But for me, the joy was seeing all these Brainiacs ... from the guy in short shorts, the robotic version from the mid-80s, to Pulsar Stargrave (never really revealed as a Brainiac ...but I think hinted at).

But it is all Brainiacs. Here we have the Animated series Brainiac.

We learn more about what is going on. That huge Brainiac beast went to the New 52 Earth to capture a 'city' but he never returned. These care takers are a bit lost without their boss. What happened to that Brainiac?

And it makes me wonder ... what happened to that Brainiac? We have seen subsequent storylines after Doomed. There has been no mention of Brainiac attacking Earth. So what happened??

So there is a decent hook here. I want to learn more. And that is successful story-writing.

And then more exposition. This planet is somewhat malleable. The giant Brainiac came to this place and basically remade it for his purposes. It went from an Eden to something of a repository for these captured cities. And these 'butlers' are also wrenched from this material, created to watch over them, and to judge them.

Judge them?? This is getting interesting.

What seemed to be some lab for the huge Brainiac creature to learn about Superman has become something more like an arena.

And then we get my favorite panel of this book. Without the guidance of Brainiac, this caretaker doesn't understand his purpose. Who is he?

Look at all the Brainiacs there have been.

Love it.

Taking a peek around this place, Superman sees that this planet is dotted with all these cities from other timelines and universes.

Superman is angered by this as it now seems more like a prison. The people in these cities are alive ... trapped.

But it is clear that Superman has no home here. There is no city from his world. And then, reminded that Brainiac was heading to his Earth, Superman takes off/is sent away.

And then we get the actual beginning of the Convergence event. The 'Brainiac' butler reforms himself into a new image, his own image. And he decides to make his own purpose. Instead of just watching these cities, he will pit one against the other, seeing which is worthy of being returned to proper time and space.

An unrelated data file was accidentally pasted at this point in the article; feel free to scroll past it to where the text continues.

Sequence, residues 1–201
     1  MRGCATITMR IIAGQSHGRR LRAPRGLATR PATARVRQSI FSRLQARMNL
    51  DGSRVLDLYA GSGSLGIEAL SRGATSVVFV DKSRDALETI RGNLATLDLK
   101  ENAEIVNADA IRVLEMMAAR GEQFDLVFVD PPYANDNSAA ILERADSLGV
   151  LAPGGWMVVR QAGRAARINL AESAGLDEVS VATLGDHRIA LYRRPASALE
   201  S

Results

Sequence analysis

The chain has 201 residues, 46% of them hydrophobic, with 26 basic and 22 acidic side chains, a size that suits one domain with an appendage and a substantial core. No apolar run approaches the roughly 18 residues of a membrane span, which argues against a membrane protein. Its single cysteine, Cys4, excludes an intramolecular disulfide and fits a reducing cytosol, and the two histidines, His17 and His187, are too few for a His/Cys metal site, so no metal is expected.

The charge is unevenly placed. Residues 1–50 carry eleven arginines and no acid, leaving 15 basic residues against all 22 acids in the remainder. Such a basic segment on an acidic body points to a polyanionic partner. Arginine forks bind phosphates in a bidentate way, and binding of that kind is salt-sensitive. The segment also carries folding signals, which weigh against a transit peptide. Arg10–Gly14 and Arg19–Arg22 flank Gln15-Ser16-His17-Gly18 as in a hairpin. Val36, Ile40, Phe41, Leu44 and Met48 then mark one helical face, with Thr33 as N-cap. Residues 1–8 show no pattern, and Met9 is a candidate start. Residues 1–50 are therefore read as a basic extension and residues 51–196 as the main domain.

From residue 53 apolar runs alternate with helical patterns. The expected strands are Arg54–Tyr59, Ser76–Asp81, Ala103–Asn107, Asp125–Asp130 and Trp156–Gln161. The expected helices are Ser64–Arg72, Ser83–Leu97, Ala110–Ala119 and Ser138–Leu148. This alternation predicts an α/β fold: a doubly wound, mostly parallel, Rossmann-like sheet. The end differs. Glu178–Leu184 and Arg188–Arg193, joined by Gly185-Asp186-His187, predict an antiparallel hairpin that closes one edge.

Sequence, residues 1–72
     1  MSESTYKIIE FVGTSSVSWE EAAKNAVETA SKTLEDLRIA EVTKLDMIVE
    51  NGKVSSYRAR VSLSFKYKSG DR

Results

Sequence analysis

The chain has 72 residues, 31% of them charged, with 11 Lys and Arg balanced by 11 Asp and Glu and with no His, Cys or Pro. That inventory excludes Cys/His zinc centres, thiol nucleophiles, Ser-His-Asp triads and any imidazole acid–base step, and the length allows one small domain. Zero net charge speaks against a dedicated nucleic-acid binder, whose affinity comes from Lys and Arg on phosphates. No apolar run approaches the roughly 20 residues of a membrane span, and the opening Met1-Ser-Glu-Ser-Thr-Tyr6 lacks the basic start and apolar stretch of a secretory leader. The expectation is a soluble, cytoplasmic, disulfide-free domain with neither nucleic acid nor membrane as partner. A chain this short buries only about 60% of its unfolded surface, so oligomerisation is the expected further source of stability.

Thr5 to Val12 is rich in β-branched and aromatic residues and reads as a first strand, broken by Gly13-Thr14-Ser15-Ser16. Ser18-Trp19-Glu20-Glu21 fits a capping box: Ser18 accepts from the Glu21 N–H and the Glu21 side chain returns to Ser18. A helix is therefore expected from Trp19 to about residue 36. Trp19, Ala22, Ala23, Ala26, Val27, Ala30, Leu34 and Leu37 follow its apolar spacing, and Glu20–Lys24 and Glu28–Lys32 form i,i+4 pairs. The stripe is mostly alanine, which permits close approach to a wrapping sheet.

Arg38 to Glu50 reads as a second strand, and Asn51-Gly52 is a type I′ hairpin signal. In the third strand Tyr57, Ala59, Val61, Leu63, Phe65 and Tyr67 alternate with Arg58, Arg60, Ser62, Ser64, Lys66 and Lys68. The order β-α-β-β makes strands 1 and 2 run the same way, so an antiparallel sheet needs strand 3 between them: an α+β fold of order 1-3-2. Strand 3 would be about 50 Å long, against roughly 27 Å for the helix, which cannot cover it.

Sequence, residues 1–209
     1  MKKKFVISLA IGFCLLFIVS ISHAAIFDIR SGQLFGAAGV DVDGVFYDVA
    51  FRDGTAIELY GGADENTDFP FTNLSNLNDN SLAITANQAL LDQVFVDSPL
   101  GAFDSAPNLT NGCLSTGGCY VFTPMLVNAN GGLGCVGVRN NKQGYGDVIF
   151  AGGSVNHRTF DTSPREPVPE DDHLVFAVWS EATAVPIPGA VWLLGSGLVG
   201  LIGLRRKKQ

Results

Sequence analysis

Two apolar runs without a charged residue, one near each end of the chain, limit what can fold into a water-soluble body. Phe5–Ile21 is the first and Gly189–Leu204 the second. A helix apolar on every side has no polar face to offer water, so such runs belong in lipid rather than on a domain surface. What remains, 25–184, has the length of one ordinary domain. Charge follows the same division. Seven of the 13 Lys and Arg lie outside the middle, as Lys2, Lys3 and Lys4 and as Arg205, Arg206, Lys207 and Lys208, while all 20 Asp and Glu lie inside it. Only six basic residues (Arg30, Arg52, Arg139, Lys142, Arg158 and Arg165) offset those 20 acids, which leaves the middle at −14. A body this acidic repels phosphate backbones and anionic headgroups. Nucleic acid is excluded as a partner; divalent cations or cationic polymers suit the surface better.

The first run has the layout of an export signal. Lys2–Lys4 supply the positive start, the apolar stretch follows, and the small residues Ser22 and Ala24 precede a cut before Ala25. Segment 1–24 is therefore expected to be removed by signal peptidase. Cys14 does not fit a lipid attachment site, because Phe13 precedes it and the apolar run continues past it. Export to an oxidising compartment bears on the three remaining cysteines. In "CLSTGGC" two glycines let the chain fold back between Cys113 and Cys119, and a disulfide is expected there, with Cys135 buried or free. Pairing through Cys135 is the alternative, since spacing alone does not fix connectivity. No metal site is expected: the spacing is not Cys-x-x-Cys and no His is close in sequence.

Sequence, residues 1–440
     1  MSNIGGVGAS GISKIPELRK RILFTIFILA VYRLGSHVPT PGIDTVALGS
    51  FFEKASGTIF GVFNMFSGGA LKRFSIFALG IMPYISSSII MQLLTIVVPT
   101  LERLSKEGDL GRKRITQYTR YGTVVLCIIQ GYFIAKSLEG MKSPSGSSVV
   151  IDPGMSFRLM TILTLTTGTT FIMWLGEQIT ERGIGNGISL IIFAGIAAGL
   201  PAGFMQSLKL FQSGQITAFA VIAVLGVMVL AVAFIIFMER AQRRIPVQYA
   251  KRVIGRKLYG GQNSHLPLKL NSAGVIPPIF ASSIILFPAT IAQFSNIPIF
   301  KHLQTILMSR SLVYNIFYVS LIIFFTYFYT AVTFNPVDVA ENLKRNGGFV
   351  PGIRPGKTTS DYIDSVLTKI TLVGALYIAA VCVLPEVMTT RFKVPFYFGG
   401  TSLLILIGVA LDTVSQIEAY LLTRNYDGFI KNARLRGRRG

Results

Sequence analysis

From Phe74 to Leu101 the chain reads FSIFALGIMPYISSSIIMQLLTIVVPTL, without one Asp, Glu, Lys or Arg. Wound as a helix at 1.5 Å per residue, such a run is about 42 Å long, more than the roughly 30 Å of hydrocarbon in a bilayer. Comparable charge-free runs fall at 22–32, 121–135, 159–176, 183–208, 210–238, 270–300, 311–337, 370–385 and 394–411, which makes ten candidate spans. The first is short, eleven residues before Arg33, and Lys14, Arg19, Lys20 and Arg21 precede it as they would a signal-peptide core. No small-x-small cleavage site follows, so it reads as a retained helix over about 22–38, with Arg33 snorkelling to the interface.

When the story ends, we have several pages devoted to defining which cities and histories exist on this world. In that way it is akin to Multiversity. But it also strikes me as simply a fun sort of side event.

I didn't expect to like this issue quite this much. And yet, I turned the pages with some sense of glee. There was a little feeling of nostalgia here. Like any good opening issue to a big miniseries, there were hooks here to keep me interested, wanting more. For a long time reader, there is the promise of seeing older characters again. And it is visually beautiful. I felt like a young reader again ... and that is always a good sign.

Overall grade: B+


Anonymous said...

Brainiac went to the the Futures End time period (why not current day New 52 DC as we know it is a mystery) to try and bottle New York City. He's defeated there however by that Superman and shrunk and captured by Ray Palmer. That's why he never returned to Telos.

Anj said...

Thanks! Valuable info!

Jay said...

No problem! That was me by the way, forgot to add my name, haha.

Anj said...

Thanks Jay!